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Michelle Obama Visits Longwood Church, Disney For 'Let's Move!'

Michelle Obama Visits Longwood Church, Disney For 'Let's Move!'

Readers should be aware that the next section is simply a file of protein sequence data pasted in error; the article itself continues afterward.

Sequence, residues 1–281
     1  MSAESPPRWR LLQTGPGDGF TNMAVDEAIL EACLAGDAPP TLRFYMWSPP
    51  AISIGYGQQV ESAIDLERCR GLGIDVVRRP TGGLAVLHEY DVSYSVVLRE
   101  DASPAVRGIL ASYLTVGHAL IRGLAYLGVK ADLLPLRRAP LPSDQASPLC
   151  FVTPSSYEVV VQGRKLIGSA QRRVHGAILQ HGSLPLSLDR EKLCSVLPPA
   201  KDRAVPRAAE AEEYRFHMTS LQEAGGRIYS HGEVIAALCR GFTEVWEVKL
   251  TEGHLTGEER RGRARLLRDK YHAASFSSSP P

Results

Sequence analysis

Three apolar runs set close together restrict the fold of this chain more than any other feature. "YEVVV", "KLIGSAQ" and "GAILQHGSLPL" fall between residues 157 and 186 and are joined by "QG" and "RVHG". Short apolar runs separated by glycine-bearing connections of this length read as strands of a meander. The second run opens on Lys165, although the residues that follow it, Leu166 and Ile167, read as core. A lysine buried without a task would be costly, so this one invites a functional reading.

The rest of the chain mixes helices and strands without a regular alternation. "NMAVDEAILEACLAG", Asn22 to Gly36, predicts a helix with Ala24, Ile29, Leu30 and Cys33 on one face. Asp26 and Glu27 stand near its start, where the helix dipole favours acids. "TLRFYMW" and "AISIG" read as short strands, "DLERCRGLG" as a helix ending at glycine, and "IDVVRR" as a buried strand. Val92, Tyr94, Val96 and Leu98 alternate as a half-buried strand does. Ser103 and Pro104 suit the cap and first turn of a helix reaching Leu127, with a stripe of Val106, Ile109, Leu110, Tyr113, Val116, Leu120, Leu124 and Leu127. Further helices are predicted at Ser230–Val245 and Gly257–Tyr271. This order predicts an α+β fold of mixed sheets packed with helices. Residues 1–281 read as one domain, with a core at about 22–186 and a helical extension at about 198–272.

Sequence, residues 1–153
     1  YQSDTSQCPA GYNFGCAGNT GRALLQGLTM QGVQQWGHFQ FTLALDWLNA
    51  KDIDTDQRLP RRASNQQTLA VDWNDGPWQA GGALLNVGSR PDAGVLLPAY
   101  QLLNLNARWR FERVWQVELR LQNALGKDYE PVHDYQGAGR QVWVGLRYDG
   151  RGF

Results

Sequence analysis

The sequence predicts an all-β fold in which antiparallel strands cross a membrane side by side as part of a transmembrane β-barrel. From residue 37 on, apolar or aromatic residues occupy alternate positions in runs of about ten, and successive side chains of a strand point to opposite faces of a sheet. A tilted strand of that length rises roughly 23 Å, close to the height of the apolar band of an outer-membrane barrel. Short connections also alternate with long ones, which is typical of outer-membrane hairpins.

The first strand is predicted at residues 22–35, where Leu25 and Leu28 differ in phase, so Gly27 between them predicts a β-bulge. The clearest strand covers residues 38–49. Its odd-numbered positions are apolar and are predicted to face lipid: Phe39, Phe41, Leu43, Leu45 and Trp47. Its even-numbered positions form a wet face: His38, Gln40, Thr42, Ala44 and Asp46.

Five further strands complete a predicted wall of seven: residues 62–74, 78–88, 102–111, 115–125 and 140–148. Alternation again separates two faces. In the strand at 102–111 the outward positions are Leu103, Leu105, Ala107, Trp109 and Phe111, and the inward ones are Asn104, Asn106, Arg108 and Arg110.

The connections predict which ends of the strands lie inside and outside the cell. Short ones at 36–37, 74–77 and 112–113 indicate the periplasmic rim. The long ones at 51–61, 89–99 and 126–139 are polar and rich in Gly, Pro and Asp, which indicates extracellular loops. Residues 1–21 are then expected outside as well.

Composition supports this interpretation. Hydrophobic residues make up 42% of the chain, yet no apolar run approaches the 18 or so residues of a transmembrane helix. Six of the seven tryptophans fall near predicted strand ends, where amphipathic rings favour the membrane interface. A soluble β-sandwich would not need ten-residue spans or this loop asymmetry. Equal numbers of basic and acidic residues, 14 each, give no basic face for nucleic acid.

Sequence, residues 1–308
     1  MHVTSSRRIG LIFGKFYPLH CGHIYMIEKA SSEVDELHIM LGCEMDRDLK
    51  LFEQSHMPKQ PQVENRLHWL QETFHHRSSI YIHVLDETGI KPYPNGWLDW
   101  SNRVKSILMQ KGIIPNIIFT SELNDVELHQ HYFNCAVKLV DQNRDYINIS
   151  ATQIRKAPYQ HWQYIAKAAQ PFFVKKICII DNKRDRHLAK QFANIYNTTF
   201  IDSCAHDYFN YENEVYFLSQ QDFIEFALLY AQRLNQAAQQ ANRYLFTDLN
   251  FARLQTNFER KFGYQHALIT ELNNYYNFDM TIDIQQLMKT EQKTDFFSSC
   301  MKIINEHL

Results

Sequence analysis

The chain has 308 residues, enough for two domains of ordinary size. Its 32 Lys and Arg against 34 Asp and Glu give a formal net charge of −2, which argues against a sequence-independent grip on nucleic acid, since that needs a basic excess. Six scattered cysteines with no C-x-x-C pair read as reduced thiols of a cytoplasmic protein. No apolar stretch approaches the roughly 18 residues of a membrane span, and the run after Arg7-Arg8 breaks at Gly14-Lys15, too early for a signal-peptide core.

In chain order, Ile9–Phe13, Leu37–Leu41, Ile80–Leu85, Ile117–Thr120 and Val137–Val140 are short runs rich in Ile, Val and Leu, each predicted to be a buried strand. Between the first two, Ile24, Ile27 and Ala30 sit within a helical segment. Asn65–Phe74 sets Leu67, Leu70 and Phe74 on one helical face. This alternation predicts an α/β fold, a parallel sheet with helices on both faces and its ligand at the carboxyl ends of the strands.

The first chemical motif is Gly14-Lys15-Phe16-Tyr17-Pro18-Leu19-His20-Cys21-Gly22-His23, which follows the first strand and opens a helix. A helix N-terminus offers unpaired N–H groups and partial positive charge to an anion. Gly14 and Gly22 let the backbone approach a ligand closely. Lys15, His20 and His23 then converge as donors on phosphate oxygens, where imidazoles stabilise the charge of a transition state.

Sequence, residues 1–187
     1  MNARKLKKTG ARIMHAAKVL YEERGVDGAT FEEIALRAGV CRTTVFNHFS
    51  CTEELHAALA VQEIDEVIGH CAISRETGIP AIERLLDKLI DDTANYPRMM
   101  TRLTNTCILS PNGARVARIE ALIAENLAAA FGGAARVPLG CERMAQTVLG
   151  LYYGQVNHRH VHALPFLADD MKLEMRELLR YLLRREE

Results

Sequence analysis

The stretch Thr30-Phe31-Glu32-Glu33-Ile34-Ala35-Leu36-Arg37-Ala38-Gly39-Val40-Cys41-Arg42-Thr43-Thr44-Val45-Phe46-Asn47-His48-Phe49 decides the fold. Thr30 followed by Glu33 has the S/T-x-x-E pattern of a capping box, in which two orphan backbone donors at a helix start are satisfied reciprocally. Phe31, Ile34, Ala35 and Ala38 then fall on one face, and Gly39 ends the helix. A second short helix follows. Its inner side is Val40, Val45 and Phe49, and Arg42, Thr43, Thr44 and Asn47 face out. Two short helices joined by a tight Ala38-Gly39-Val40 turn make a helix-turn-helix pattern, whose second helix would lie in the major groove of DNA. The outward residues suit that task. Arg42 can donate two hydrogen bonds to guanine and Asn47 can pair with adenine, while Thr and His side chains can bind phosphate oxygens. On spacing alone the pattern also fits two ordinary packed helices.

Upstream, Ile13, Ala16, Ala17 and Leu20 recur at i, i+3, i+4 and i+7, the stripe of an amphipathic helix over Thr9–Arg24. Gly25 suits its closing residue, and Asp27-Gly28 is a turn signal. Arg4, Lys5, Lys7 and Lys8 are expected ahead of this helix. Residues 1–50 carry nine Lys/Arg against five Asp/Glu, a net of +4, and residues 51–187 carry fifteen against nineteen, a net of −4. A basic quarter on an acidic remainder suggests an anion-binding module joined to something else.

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First lady Michelle Obama toured Orlando on Saturday to preach a gospel of healthy eating at a Central Florida church and to motivate some 500 kids to exercise at Disney World. Her appearances at Northland, A Church Distributed in Longwood and at the ESPN Wide World of Sports marked the second anniversary of "Let's Move!" — her initiative to tackle the growing epidemic of childhood obesity by encouraging families to make their lifestyles healthier. "This is about a challenge that many of us believed was too big, too entrenched for us to solve," Obama said at Northland. "That problem is that one-third of our children are overweight or obese, and they're at risk for serious conditions like diabetes, cancer, heart disease. "We as a country cannot fulfill our promise if our children cannot fulfill their promise." She praised the churches that have organized walkathons and Zumba classes and the families and kids who are eating more vegetables and getting off the couch. "I hope that all of you will embrace these efforts on behalf of our children," she said. "If we embrace this, our kids will embrace it." Orlando was the last stop of a three-day tour to promote "Let's Move!" She arrived in Central Florida Friday night, to dine in Ocoee with Patrice and Kern Halls and their two sons. The family has changed their diet, dropping the potato chips and junk food and eating more vegetables. Dinner featured jerk chicken, brown rice and peas, sautéed zucchini and salad. On Saturday morning, some 3,000 people, from 120 different churches of 15 varied denominations, enjoyed an energetic church revival at Northland, with gospel choirs and motivational speakers that had the audience physically moving. Donna Richardson Joyner, a member of the President's Council on Fitness, Sports and Nutrition, revved up the crowd with a dance routine that had them waving their arms and swaying their hips. Pastor Larry Mills, of Mount Sinai Missionary Baptist Church in Orlando, explained how his church is building better health in the community, by hosting a health clinic, where 90 percent of the patients aren't church members and by holding fitness programs at the gymnasium. The Rev. Joel Hunter, senior pastor of Northland and a spiritual advisor to President Barack Obama, warmly greeted the first lady. Michelle Obama recounted her own Chicago childhood, when there wasn't 24/7 Internet and children played all afternoon before eating a home-cooked family dinner. Eating out was a rare treat, and she recalled one time that she and her brother convinced their grandmother to splurge on takeout hamburgers. Grandma did, but insisted on also feeding them canned peas. She acknowledged the stress of today's busy families, who opt for drive-through meals, but urged them to return to the habit of family dinners. "For many of us, food is more than just nourishment," she said. "It's how we pass down traditions." In the afternoon, she kept true to the "Let's Move!" message by dancing and exercising with some 500 children at the Champion Stadium in the Disney complex. Sen. Bill Nelson, who turns 70 this year, was one of the first to greet the crowd. Not wanting to be outshone by Obama's skill with pushups, he completed 51 military-style pushups at a brisk pace. Sharing the stage with Perry the Platypus, the character from the popular cartoon, "Phineas and Ferb," Obama learned a "Platypus Walk," a choreographed dance that had the crowd twisting their hips and shaking their arms. The kids split up into different exercise stations offering tennis, soccer and sprints. Obama joined a group playing tennis, returning several volleys from kids trying their best to stump her. She also also displayed some slick footwork at the soccer station. But most of the kids were happy just for the chance to high-five her and give her a hug. Brandon Delfosse, a 13-year-old Orlando Science School student, said he knows several kids who are overweight and could heed the healthy message. "The worst thing I see in the cafeteria is food that isn't good quality. I see lots of food cooked in butter, frozen, fried food, soda," Brandon said. "It definitely needs to change." READ MORE: http://www.orlandosentinel.com/health/os-first-lady-michelle-obama-lets-...